Positive effects of the EU gas market liberalisation on price and on liquidity now spill over to the Baltic area – a region formerly defined as EU’s ‘energy island’ because no gas infrastructure links then existed between the Baltic States and Finland with the rest of Europe. Technological improvements in off-grid gas supplies will further contribute to market liquidity and competitiveness. At the same time, the Baltic experience reveals that multi-speed gas markets reflect the current modus operandi of the EU Gas Directive implementation. The European Green Deal will have to entail bottom-up policy approaches – primarily involving national and regional action plans - for the successful implementation of the EU decarbonisation strategy by 2050. Regional, economic and cognitive disparities regarding the speed and the magnitude of the ongoing energy transition to carbon-free economy form part of the controversies that will continue to take central stage in the years to come. Growing pressure from society at large to take steps to mitigate greenhouse gas emissions has engendered a reassessment of conventional approaches to the EU’s natural gas sector. Gas industry will need to adapt to new realities and integrate new technological solutions in line with the path towards decarbonisation. However, a question arises about the relevance of previous efforts in building competitive gas markets and interconnections across Europe. Depending on national and regional specificities, natural gas can most likely be considered as one of the options for the energy transition towards carbon-free economy.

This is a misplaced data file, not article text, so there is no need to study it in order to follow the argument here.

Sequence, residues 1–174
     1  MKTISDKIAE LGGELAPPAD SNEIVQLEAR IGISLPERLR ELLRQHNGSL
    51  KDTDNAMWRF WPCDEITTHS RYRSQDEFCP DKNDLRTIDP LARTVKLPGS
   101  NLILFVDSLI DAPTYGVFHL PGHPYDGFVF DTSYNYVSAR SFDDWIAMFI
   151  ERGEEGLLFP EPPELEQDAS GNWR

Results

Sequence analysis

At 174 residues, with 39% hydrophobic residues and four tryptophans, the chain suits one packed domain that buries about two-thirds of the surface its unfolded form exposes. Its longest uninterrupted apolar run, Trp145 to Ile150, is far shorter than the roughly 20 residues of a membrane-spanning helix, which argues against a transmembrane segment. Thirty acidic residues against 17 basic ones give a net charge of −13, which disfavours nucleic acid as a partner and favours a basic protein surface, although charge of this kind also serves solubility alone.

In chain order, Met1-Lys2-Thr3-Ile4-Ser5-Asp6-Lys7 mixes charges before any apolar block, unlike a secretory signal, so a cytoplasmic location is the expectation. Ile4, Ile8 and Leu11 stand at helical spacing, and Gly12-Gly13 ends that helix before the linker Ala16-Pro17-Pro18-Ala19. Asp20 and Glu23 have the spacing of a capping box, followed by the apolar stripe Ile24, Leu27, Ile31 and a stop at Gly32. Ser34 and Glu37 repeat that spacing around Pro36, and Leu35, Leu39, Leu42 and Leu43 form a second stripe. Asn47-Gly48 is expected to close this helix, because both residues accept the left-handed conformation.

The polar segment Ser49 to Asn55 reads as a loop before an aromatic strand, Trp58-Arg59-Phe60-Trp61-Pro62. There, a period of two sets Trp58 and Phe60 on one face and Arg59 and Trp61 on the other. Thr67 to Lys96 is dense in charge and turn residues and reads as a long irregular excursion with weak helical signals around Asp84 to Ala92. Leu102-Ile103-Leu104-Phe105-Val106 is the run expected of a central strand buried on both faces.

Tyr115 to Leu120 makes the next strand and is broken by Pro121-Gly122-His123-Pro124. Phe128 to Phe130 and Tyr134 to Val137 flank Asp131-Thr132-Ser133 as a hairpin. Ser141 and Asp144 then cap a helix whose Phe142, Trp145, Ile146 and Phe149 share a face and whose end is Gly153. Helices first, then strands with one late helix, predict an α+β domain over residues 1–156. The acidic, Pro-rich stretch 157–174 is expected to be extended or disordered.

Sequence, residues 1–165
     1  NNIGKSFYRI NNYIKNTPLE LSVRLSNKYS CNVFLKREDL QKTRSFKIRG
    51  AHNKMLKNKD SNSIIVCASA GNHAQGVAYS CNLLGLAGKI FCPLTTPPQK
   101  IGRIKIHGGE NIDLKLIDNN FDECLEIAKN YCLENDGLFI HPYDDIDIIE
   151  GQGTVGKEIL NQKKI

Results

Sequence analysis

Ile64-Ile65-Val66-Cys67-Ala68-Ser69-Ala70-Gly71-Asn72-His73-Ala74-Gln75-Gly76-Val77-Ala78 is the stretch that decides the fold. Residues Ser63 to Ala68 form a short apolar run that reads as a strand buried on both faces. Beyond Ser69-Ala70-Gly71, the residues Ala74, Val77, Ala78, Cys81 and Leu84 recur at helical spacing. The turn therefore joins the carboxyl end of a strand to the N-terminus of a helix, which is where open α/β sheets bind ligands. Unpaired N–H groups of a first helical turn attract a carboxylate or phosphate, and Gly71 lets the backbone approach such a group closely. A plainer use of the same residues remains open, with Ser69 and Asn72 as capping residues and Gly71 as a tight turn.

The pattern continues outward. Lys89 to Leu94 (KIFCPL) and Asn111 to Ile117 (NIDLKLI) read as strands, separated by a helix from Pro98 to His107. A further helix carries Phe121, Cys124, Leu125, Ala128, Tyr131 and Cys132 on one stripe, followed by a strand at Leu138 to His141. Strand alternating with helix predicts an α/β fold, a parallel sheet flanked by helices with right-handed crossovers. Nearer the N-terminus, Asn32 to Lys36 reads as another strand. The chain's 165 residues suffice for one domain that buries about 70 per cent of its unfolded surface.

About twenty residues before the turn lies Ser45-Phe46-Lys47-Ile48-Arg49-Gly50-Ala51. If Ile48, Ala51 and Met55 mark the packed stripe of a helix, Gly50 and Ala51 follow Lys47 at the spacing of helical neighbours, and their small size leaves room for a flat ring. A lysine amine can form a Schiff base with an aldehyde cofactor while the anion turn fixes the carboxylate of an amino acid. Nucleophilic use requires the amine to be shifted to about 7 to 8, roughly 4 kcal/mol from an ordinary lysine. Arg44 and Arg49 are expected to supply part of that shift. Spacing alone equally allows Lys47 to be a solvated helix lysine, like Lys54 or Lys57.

“Clean hydrogen”, one of the main pillars of the EU decarbonization strategy, will be mostly produced by power-to-gas facilities. The regulatory and ownership rules applicable to power-to-gas facilities are to [...]
Methane emissions from coal mining activities remain an important issue in decreasing GHG emissions. There is much uncertainty about methane emission quantification from the coal sector, particularly from abandoned mines. [...]
The high penetration of distributed energy resources and electric vehicles is changing the way the electricity system is managed. In turn, the way utilities have been recovering their expenditures through [...]
Distribution system operators (DSO) are starting to implement market-based mechanisms to use the flexibility offered by distributed energy resources (DER) such as electric vehicles (EV). Several European countries are trialing [...]